Daniel Bibi Biziwu
Clermont prop Bibi Biziwu has had a monstrous start to professional rugby. Usually, loosehead props don’t develop until their mid-twenties, but the young Frenchman has already made an impact at the age of 20. Naturally, Cyrille Baille and Jean-Baptiste Gros are the kings of the French No 1 jersey under Fabien Galthié, but Biziwu brings something different. Much like the other two, he is a strong scrummager, but he is also fleet-footed and can handle the ball brilliantly, a reason he has also worn the No 2 jersey in his age-grade journey.
He may be limited to a cap or two off the bench in this campaign, but he will get the chance to learn from two of world rugby’s most dominant props. Come 2023, the thought of Daniel Bibi Biziwu and Demba Bamba both coming off the bench could be frightening.
Rumour has it that this isn’t Gregor Townsend’s first attempt to poach 26-year-old Surrey-born Vellacott, with the Scotland coach eyeing him up during his time at Gloucester. The scrum-half has since signed for Edinburgh and instantly become a hit with the Scottish capital’s fans. Vellacott has a strong kicking game and dazzling pace around the fringes, getting enough game time this season to propel him above Glasgow’s George Horne.
Townsend has touted his eye for a gap and his work rate as two qualities that have lifted him to the heights of international rugby. With young Ben White as his main competition, Vellacott has to enter the tournament as second-choice No 9 behind Lion Ali Price, who can make an electrifying impact from the bench.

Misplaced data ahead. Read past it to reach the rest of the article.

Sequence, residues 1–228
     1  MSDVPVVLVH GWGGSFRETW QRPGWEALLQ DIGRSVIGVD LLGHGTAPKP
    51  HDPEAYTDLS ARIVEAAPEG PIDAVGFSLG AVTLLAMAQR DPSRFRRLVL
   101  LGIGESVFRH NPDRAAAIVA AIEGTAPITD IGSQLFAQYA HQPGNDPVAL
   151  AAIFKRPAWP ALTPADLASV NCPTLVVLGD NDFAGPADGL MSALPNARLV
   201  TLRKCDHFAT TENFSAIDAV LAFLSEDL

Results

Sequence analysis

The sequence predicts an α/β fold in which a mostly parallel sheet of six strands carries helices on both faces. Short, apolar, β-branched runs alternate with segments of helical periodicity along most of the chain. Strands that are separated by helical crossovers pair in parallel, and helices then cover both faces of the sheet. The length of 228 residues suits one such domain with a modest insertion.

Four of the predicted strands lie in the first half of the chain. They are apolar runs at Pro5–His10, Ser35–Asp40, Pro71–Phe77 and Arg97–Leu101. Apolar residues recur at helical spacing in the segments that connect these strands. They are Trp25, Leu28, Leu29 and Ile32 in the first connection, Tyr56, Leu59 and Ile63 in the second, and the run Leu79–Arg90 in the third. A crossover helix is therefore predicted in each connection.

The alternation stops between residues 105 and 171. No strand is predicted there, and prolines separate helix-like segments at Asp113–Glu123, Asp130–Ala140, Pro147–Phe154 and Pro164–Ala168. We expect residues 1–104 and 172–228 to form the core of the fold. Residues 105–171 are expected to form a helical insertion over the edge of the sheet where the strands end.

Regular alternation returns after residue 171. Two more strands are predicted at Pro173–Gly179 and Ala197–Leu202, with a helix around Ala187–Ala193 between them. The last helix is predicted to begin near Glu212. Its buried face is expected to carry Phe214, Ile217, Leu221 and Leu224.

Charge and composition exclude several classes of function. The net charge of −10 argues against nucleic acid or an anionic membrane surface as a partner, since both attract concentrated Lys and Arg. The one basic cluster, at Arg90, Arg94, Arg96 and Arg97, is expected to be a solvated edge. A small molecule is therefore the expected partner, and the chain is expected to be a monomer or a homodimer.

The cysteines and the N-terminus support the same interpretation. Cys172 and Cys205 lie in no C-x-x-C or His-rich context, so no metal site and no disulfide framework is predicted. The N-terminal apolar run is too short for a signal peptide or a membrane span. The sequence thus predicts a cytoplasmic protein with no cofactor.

Two thoughts have crossed the minds of anyone who’s witnessed Australian-born Mack Hansen playing for Connacht this season. One: “Wow, he’s good”. Two: “Is he Irish qualified?”. Hearing Hansen’s mother was born in Cork is the most exciting news any Irish fan could wish for.
So far in his Connacht career, it would appear there is nothing the winger can’t do. Hansen is defensively strong, kicks a ball beautifully and could sidestep you before you can even say the word “BOD”. With James Lowe out, Hansen is the perfect replacement for Andy Farrell’s team. Competing with the ageless Keith Earls, the lightning-fast Robert Baloucoune and the ever-excellent Andrew Conway, Hansen could find himself being Farrell’s first-choice number 11 this campaign.
It speaks volumes that nobody was shocked by the call-up of Leonardo Marin to Kieran Crowley’s Six Nations squad. Marin is only 19 years old, providing a youthful backup to the experienced pensioner Paolo Garbisi, aged 21. Ever since Garbisi’s departure to Montpellier, Benetton’s Marin has stepped into the fly-half’s shoes with no trouble this season.
Bizarrely, 28-year-old South African Rhyno Smith has been Benetton’s attacking threat at 10 this year, with Marin providing a safe, cool-headed approach. He may be young, but he is a clutch kicker and building his defensive game constantly. Having already slotted multiple match-winning kicks, Marin feels like a born winner and a healthy alternative to the tremendous Garbisi. The only other fly-half in Crowley’s squad is Giacomo Da Re, who has seen minimal top-flight gametime, so Marin will likely sit on the bench for all of Italy’s games.